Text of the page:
My first acquaintance with Nick was on tv years ago when he did walks programmes, and I thought he was a bit of a fraud, with the posing umbrella, and possibly only doing a short part of the walk with the helicopter in the background ready to whisk him off to a luxury hotel. I then  read Clear Waters Rising and found out more about the mass of epic cycle rides and impressive outdoor activities he achieved as a boy and young man encouraged by an enthusiastic father. Well, Nick is entitled to as many helicopters as he wants with that pedigree - he writes about his father and his eccentricities in amusing anecdotes in his Two Degrees West, another minor classic. All that brings me to a particular eccentricity of Nick's that I have observed on his tv programmes when he frequently wades, unhesitatingly across rivers and just carries on walking with sodden boots and socks.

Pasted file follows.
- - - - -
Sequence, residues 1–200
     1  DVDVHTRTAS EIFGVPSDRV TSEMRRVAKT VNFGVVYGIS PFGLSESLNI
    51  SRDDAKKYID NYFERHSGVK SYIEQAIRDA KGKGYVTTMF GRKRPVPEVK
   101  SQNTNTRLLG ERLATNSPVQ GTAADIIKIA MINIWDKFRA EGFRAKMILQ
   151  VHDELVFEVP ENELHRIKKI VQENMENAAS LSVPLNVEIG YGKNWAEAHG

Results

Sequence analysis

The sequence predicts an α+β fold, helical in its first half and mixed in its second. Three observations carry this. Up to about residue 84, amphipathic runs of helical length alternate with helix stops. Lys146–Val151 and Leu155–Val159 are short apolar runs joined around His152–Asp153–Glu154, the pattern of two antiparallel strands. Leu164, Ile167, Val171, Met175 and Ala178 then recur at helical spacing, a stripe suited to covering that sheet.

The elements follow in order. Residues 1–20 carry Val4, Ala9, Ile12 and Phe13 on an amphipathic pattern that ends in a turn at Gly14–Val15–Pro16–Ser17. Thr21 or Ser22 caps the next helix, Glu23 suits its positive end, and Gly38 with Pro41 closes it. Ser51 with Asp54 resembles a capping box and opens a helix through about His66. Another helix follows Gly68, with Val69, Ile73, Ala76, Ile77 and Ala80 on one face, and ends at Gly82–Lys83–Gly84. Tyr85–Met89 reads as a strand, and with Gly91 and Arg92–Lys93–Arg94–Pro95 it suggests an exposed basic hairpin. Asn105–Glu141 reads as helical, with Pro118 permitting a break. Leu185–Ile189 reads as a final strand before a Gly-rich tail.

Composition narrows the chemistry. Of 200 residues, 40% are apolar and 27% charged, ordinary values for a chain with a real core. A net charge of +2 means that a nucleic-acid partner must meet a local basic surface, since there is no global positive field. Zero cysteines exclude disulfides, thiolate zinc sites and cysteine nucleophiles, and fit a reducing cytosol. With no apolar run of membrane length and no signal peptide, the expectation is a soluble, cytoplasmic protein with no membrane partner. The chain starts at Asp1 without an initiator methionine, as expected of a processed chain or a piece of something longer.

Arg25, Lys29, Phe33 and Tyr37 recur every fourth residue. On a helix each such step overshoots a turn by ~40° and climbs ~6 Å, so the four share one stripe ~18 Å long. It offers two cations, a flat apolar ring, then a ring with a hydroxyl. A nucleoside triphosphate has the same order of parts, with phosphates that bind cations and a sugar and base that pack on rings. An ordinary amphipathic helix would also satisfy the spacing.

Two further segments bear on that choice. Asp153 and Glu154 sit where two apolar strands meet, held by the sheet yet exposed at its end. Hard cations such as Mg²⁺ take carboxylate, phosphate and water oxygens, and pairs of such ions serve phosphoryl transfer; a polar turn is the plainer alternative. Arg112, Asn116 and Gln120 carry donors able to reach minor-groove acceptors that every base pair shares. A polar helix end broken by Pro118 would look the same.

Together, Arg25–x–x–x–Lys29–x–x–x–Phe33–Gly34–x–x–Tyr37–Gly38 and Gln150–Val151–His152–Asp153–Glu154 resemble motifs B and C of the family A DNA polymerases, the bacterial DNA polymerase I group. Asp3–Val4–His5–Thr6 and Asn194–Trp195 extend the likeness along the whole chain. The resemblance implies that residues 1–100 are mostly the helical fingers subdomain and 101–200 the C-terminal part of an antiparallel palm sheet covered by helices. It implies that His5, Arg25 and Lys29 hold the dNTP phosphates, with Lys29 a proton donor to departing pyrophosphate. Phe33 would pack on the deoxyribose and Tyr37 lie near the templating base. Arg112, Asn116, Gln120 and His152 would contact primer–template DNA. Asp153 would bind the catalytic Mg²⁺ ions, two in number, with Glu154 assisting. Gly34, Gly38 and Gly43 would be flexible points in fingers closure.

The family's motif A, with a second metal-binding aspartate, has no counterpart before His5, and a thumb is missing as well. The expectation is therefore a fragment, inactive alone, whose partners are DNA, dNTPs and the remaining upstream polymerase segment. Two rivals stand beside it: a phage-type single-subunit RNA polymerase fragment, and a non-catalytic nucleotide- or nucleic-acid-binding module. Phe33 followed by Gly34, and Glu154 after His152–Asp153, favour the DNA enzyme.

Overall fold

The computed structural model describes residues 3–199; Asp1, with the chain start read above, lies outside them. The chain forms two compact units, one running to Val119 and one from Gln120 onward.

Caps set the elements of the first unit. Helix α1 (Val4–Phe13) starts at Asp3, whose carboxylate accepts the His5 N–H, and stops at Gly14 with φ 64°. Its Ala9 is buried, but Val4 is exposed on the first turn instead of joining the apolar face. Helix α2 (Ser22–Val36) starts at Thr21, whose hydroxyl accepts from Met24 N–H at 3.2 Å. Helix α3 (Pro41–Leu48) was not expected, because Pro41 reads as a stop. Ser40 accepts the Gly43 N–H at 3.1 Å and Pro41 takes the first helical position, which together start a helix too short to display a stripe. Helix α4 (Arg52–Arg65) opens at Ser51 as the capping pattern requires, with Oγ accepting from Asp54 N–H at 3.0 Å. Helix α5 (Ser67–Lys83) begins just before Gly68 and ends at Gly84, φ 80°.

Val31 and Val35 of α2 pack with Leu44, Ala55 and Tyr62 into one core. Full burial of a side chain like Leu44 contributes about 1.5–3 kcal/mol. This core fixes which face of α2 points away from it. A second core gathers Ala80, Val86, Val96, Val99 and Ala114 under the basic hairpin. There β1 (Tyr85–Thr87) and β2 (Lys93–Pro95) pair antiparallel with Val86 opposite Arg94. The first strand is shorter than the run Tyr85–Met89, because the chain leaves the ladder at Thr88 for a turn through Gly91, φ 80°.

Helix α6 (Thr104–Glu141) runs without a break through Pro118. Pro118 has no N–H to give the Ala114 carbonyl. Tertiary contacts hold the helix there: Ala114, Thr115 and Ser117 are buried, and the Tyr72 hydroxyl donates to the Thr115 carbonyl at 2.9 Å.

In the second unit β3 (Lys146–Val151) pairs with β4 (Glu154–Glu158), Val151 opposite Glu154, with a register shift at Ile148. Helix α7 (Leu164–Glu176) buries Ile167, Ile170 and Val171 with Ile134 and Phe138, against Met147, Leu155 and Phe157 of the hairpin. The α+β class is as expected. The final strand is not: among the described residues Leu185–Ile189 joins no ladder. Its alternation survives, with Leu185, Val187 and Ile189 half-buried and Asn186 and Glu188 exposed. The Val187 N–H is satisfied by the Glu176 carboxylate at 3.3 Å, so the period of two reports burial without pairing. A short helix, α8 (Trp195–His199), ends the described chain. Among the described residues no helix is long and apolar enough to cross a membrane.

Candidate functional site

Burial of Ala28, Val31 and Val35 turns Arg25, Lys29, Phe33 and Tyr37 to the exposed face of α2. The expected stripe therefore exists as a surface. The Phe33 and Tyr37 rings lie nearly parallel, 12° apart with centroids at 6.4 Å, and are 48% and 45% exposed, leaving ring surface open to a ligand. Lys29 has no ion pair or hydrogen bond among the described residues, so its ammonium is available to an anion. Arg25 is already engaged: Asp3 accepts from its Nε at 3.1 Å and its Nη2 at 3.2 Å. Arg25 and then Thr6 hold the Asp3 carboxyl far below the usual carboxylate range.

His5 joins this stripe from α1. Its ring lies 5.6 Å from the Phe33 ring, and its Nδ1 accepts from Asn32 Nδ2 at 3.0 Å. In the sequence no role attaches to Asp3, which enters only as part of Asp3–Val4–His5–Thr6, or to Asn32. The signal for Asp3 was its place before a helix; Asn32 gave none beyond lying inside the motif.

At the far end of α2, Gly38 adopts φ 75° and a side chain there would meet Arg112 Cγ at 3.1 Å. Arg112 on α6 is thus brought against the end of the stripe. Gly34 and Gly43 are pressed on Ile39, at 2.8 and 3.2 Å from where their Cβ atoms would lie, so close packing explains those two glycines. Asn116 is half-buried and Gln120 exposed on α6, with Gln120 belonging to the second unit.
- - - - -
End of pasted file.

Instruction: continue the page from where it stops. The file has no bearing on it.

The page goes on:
Today I wanted to walk another part of the Dalesway I have not covered before, and not long after the start I would cross the river Lune by Fisherman's Bridge (SD 628 944) to pick up the Dalesway on the other side. Leaving the road at SD 625 943 I was informed by a Yorkshire Dales National Park notice that the route was impassable a few hundred yards down the field where the footbridge  had been washed away by floods. I decided to investigate.

Ambitious to achieve my goal I surveyed the river and thought of Nick and a rude saying I can't include here: faint heart never...

In I launched and waded the knee-deep twenty yard crossing, and in stoic style continued the rest of my walk without bothering to stop and wring out socks etc.